Other returns were synonymous with disappointments: discoveries of extramarital affairs and children born out of wedlock. Very quickly, voices began to be raised so that such an affront would not be compounded by the painful nature of a long separation. Veterans obtain special divorce provisions, but this will not prevent problems from occurring, sometimes even after a long period. Divorce was not an easy thing, nor a socially well-accepted act within society at the start of the 20th century. A soldier, wounded then taken to Germany as a prisoner, made the unpleasant discovery of his life's adulterous affair upon his return to his native Hainaut. He discovered not only that she had cheated on him during the war, but also that she had had two children from this union, respectively born in 1916 and 1918. The husband initially seemed to want to forgive and go back to "the old life", which he did for a good year before learning that the relationship had in fact never ended. This was too much, and in a fit of rage, he assaulted his wife's lover. He was arrested and convicted, but his status as a veteran and the circumstances of the drama were taken into account.

The change of legislation relative to divorce was perhaps necessary, but it couldn't prevent everything, after all. Once again, the press points out the "evil women" who dared not only to commit adultery, but even worse, to cheat on a soldier while the latter was defending the country against the invader. All of this left painful traces, and for the soldiers who had spent long months at the front, post-war daily life included nightmares, reminiscences and serious physical and moral consequences due to the war. There was also no support for the people around him. Each family was implicitly asked to look after its soldier, but to the best of our knowledge, nothing along these lines was communicated. Often, a veil of silence fell over everything that happened "over there". Sometimes out of modesty or a desire to protect loved ones. It's also not the type of topic that one can easily discuss with women. Also, many times, it's due to trauma and a fear of not knowing how to control emotions that swing from despair to fury. A leaden shroud falls over the former soldier's memories and recollections about the war. Veterans keep their thoughts about the war for places other than family: the associations for veterans and support groups. Perhaps they feel that only people who have experienced the same thing can even begin to understand…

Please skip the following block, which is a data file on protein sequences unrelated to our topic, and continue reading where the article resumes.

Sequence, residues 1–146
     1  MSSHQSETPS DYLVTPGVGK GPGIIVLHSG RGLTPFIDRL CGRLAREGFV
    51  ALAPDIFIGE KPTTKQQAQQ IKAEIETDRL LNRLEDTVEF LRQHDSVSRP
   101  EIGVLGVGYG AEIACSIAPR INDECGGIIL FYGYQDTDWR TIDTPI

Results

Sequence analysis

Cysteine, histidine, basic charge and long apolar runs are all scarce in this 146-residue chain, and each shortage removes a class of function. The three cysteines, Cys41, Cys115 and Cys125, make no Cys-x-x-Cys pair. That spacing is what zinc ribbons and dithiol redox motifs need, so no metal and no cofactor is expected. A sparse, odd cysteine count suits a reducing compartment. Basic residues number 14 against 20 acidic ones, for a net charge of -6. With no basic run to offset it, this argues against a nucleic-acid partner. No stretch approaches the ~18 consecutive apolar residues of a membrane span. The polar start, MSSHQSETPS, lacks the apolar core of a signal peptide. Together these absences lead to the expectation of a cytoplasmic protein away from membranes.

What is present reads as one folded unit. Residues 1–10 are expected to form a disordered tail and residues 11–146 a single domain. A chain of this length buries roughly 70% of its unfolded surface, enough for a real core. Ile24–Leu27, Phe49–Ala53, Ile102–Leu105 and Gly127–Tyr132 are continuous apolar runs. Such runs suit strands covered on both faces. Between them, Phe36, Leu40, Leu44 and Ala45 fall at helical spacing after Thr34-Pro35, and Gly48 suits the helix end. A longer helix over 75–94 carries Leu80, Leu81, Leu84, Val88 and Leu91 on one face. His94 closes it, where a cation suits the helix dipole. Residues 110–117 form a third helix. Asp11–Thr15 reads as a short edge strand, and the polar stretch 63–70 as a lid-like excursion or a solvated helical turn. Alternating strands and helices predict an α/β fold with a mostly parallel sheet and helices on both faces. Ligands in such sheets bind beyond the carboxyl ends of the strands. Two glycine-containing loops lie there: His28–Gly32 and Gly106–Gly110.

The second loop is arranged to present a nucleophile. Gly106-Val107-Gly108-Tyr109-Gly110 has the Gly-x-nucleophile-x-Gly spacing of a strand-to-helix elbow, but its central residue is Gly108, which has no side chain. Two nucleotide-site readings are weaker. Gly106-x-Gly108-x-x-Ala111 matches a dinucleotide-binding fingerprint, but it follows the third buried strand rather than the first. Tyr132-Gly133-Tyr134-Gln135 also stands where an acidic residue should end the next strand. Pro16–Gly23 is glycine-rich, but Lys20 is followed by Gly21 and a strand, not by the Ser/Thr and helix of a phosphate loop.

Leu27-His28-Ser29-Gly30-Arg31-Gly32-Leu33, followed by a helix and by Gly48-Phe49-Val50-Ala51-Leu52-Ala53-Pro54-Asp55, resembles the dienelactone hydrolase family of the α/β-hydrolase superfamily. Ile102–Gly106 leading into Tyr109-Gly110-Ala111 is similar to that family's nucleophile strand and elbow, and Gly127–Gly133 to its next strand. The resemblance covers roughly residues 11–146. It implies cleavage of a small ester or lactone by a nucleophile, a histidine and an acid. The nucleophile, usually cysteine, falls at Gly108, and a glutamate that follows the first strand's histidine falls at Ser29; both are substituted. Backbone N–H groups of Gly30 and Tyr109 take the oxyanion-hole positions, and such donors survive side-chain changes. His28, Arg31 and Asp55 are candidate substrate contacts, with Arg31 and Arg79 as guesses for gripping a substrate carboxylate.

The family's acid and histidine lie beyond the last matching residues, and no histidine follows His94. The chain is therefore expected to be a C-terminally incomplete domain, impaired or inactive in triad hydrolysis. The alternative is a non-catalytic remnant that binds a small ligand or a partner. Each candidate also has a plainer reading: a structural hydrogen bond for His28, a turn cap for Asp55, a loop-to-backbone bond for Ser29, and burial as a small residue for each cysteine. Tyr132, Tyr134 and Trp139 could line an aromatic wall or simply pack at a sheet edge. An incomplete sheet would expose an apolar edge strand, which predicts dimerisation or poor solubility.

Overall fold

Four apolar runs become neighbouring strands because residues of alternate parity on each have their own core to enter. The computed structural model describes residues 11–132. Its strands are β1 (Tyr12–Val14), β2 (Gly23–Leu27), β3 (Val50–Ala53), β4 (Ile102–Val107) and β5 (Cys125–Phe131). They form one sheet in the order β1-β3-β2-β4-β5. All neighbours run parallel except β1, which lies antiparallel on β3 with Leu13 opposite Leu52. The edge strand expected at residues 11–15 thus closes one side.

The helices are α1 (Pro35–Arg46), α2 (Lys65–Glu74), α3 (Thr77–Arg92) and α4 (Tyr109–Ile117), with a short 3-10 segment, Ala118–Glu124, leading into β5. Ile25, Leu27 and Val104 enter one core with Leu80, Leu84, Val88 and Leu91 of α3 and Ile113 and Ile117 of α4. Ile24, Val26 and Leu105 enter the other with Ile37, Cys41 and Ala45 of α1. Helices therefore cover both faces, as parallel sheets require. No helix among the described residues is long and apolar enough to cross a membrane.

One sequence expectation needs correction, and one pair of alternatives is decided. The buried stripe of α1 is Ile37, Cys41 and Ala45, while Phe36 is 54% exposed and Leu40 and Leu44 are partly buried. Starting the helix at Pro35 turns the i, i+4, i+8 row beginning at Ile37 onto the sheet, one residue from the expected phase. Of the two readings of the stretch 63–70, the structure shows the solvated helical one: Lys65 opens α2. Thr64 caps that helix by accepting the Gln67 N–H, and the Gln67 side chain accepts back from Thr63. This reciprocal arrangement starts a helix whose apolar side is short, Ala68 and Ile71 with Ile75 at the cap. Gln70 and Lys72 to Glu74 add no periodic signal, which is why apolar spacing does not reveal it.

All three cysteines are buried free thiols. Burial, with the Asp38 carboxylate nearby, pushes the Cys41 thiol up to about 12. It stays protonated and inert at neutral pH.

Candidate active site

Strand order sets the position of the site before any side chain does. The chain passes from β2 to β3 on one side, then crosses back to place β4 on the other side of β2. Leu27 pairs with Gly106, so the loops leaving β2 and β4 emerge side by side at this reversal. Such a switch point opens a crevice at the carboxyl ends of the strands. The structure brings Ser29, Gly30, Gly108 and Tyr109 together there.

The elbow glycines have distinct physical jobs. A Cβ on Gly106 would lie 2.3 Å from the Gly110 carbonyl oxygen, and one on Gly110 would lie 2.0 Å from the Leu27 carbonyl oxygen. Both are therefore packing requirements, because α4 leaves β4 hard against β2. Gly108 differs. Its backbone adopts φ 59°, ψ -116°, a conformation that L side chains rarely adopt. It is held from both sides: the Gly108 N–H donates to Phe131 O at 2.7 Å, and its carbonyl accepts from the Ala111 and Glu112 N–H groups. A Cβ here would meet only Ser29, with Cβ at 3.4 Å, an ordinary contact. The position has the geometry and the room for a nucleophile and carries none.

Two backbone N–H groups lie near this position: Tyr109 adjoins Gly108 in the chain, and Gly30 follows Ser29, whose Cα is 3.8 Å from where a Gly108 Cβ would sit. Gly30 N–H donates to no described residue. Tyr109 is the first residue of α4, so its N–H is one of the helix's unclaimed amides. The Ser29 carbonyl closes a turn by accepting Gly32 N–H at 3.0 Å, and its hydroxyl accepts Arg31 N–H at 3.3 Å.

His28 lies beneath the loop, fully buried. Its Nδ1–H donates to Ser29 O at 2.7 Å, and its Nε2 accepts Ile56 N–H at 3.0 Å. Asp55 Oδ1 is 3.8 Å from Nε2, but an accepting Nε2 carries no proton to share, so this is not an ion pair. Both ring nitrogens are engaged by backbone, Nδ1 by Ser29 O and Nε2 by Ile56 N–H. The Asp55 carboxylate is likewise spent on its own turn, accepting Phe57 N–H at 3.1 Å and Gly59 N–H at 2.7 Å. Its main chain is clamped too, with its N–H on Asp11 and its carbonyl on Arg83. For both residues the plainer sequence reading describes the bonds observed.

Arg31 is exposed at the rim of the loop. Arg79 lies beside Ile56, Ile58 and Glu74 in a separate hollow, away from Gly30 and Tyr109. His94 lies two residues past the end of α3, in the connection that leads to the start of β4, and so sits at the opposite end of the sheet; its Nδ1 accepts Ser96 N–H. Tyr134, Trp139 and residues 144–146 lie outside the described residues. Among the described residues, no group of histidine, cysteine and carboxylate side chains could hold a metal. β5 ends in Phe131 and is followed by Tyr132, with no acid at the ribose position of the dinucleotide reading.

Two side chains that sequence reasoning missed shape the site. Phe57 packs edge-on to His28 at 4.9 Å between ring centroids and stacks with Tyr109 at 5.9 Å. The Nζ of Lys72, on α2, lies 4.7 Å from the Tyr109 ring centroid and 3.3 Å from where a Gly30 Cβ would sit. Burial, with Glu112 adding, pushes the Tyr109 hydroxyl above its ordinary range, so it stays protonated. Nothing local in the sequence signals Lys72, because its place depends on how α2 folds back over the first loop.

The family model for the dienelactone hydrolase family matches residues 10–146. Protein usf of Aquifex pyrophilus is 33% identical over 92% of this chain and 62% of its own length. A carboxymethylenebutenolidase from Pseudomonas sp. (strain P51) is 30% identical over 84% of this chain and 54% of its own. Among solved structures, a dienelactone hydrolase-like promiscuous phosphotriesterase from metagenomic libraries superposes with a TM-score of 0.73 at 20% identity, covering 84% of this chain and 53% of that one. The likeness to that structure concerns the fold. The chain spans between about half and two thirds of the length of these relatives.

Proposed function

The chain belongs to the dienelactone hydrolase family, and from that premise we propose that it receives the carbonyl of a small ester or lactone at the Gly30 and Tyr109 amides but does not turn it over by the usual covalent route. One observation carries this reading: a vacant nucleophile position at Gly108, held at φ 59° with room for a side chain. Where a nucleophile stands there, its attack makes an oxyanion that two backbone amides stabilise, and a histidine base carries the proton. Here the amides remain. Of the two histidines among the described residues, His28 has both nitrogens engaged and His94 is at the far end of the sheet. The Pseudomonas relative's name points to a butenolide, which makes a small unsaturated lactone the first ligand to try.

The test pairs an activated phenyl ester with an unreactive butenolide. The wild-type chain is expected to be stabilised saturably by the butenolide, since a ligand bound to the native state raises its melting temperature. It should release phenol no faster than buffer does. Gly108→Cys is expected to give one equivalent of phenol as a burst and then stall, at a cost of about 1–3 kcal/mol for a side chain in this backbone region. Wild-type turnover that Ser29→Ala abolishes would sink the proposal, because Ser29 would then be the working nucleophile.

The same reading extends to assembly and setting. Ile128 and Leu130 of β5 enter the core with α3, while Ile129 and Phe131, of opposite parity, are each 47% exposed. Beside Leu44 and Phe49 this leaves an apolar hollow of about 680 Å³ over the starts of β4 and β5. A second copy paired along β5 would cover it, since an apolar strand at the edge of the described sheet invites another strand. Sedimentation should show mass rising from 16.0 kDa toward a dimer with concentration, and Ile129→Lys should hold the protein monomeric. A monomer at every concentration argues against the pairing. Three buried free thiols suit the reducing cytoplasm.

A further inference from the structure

The family of Louis Fabry indicates that he seldom spoke about "his" war, despite having recorded the slightest details in his precious diaries. The same can be said of Robert Descamps, a prisoner in Germany, who never speaks of his captivity other than through his diaries that he never showed to his family. As such, a kind of gulf opens up between what the entourage imagines happen to "its" soldier, what the soldier actually experienced, and what he keeps as memories. It's only later that the experiences of the war are sometimes shared, sometimes with grandchildren, and once again, questions can arise as to how the tail is told, as well as how the imagination may have reappropriated this story.